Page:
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I had to pull a tag off of one of my plants because Dru asked me what it was and I didn’t remember. It’s call “Canadale Gold Wintercreeper“. They’re all cut back for now while I’m getting ready to add three more rose plants, lay down new groundcloth and then re-mulch the area. It will fill back in nicely and it adds some really good color to the south side of my place. They ca grow kinda tall so I cut them back anywho.
My neighbors must have had a good laugh at me this weekend. Their eyeballs must have jumped out of their heads when they saw me actually cutting the grass after all of these years of having a service do it instead. And it showed just how long it’s been since I’ve done this myself. Oh well. I suppose one gets better with practice. The lawn tractor cleaned up nice and pretty.
So we have a bill of materials for landscaping things that I have to pick up this week.
- New rose bushes
- Ground cloth staples
- 12 bags of red mulch
- One big bag of TurfBuilder
I have a family thingee next weekend so it doesn’t leave me a lot of time to get this done after work. Oh yeh. I need a haircut too. I’m starting to look like a hippy.
The Card Players is a series of oil paintings by the French Post-Impressionist artist Paul Cézanne. Painted during Cézanne’s final period in the early 1890s, there are five paintings in the series. The versions vary in size, the number of players, and the setting in which the game takes place. Cézanne also completed numerous drawings and studies in preparation for The Card Players series. One version of The Card Players was sold in 2011 to the Royal Family of Qatar for a price variously estimated at between $250 million and $300 million, making it the third most expensive work of art ever sold.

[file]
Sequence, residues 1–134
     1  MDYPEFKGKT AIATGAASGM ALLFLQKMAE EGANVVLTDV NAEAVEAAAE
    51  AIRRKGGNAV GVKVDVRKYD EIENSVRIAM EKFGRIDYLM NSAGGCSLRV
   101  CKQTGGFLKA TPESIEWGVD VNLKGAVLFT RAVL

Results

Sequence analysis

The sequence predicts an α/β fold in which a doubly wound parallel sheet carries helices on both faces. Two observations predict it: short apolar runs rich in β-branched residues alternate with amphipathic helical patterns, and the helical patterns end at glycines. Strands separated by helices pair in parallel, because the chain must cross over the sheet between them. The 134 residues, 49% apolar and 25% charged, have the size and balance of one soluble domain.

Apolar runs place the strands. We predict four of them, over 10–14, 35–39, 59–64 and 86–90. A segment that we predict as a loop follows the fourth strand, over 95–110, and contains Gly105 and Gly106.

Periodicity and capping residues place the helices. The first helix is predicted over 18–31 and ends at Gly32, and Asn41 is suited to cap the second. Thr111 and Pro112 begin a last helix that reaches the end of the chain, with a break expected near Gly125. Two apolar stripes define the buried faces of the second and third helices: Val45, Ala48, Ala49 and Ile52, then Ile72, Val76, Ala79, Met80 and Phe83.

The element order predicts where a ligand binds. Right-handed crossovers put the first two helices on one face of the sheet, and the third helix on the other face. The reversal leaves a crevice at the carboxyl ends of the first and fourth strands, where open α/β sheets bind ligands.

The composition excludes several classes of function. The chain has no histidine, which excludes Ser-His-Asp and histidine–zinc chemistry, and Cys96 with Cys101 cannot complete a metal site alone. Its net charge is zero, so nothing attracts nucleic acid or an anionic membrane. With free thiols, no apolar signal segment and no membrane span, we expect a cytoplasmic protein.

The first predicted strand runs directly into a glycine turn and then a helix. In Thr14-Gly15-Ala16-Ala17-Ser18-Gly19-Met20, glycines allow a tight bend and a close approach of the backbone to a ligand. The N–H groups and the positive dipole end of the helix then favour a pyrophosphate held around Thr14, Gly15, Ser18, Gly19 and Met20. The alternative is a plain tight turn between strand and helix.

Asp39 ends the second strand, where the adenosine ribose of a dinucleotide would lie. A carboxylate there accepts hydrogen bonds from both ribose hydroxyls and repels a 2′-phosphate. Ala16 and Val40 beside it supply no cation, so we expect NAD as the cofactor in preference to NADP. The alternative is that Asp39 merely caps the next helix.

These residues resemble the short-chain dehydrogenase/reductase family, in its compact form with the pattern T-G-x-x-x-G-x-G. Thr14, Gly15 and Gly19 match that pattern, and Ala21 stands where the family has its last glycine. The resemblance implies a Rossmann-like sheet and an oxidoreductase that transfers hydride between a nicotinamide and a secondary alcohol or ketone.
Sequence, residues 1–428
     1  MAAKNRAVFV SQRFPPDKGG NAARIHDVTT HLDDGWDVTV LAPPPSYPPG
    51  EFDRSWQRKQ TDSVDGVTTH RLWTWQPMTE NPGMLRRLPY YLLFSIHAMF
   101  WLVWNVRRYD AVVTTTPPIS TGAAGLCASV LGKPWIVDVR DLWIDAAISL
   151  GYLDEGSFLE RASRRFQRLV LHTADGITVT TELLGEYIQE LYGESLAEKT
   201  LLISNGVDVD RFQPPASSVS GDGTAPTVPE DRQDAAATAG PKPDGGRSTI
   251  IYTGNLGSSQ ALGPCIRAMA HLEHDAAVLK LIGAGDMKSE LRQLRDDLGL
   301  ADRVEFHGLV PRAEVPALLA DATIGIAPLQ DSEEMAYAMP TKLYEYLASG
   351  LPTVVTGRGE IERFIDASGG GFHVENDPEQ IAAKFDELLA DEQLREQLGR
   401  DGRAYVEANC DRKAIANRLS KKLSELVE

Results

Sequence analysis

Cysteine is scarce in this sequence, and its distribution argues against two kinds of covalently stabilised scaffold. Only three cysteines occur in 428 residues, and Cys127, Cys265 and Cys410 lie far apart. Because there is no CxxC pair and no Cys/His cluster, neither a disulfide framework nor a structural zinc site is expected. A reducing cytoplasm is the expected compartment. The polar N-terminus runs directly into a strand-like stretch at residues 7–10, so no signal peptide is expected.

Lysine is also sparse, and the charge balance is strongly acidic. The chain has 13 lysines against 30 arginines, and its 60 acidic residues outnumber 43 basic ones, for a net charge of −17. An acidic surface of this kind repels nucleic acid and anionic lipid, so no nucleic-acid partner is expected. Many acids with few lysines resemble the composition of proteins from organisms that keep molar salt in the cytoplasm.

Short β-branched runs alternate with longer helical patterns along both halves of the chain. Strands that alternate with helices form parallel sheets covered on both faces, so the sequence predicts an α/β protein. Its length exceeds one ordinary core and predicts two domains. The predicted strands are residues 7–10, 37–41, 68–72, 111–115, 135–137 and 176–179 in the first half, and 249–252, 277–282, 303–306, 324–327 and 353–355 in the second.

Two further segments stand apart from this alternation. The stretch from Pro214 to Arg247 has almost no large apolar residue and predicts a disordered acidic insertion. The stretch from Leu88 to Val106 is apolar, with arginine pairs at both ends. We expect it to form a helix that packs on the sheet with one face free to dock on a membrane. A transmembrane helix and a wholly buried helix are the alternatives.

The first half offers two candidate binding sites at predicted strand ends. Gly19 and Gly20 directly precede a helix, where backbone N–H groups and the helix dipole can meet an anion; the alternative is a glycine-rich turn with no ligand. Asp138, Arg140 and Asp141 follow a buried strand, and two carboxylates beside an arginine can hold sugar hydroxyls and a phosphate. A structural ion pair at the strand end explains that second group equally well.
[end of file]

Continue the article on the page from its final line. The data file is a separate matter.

The largest version, painted between the years 1890–1892, is the most complex, with five figures on a 134.6 x 180.3 cm (53 × 71 in) canvas. It features three card players at the forefront, seated in a semi-circle at a table, with two spectators behind. On the right side of the painting, seated behind the second man and to the right of the third, is a boy, eyes cast downward, also a fixed spectator of the game. Further back, on the left side between the first and second player is a man standing, back to the wall, smoking a pipe and presumably awaiting his turn at the table. It has been speculated Cézanne added the standing man to provide depth to the painting, as well as to draw the eye to the upper portion of the canvas. As with the other versions, it displays a suppressed storytelling of peasant men in loose-fitting garments with natural poses focused entirely on their game.
A more condensed version of this painting with four figures, long thought to be the second version of The Card Players, is in the Metropolitan Museum of Art in New York. At 65.4 x 81.9 cm (25 3/4 x 32 1/4 in), it is less than half the size of the Barnes painting. Here the composition remains virtually the same, minus the boy, with viewers’ perspective slightly closer to the game, but with less space between the figures. In the previous painting, the center player as well as the boy were hatless, whereas this version has all the men hatted. Also gone are the shelf to the left with vase and lower half of a picture frame in the center of the wall, leaving only the four pipes and hanging cloth to join the smoking man behind the card players.